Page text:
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Article : Tackling mental-health-related stigma : a narrative review of anti-stigma interventions

le 22 avril 2016

[The Mental Elf] Mental-health-related stigma has devastating consequences for people with mental illness. It makes people less likely to engage in mental health treatment (Corrigan 2004, Nikki Newhouse’s Mental Elf Blog), contributes to a shorter life expectancy through poorer physical health care (Thornicroft, 2011), and is implicated in suicide (Eagles et al, 2003). Reducing stigma has the potential to dramatically improve the lives of people with mental illness. In a narrative review published in the Lancet earlier this year, Graham Thornicroft and colleagues try to bring together what we know about effective interventions to reduce mental-health-related stigma and discrimination, and what we still need to find out (Thornicroft et al, 2016).

 

This was a narrative review, meaning that it is a descriptive overview of anti-stigma interventions. It differs from a systematic review in that it lacks a systematic and explicit methodology for finding relevant research. The authors searched six electronic databases for articles published between 1970 and 2012. They had three search interests:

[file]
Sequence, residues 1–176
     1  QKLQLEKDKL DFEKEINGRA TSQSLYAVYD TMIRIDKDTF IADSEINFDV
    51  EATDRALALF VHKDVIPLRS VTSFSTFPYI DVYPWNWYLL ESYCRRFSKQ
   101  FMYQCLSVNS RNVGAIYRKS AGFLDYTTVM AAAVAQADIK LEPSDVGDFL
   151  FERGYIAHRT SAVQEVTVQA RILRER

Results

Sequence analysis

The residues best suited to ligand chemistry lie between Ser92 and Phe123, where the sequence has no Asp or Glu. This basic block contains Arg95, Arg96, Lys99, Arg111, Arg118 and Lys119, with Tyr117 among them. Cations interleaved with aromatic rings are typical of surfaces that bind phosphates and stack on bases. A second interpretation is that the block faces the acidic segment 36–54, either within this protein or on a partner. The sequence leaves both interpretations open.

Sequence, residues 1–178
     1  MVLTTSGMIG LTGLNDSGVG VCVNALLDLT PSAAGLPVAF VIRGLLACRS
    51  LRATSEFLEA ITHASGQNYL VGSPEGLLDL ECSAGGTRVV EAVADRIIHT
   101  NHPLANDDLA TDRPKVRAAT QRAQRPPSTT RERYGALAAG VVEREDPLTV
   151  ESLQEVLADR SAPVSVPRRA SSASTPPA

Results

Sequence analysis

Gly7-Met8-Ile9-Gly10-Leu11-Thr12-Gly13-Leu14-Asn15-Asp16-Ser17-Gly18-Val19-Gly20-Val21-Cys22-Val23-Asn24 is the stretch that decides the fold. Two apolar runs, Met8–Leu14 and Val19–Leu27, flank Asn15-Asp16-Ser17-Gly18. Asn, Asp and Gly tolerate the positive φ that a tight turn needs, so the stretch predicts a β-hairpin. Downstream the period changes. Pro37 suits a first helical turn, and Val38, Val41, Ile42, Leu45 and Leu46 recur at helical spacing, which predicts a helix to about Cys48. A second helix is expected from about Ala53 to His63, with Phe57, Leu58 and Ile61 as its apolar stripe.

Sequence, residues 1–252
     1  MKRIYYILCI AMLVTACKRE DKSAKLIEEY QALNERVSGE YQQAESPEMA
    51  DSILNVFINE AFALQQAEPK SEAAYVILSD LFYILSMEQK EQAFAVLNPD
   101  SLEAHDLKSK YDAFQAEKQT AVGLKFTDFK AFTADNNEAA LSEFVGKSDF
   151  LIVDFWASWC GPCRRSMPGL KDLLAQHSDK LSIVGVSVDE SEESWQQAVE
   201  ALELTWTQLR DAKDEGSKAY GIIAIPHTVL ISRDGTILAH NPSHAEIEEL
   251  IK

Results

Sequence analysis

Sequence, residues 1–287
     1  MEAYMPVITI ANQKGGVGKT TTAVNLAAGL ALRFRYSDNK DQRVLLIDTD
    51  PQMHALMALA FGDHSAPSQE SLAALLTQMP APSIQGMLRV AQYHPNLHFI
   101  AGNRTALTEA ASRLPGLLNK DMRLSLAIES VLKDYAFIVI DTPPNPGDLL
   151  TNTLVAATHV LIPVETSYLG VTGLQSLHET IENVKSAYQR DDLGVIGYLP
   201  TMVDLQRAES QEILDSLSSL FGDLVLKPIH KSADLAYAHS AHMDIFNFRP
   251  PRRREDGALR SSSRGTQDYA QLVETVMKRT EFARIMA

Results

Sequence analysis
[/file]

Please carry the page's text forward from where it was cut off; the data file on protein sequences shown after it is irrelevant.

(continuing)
1. Anti-stigma interventions with evidence for short-term effectiveness in high-income countries (up to 4-week follow-up)
  2. Studies that examined medium-term to long-term effectiveness (more than 4-week follow-up)
  3. Studies conducted in low-income and middle-income countries

Papers that weren’t written in English were read by fluent native speakers, and the reference lists of review papers were manually-checked to find any other relevant papers.

The authors report in the text that they found 8 systematic reviews and 8,143 quantitative studies to consider – although, it’s not entirely clear from the figure in the paper where the number 8,143 originates from.

Source The Mental Elf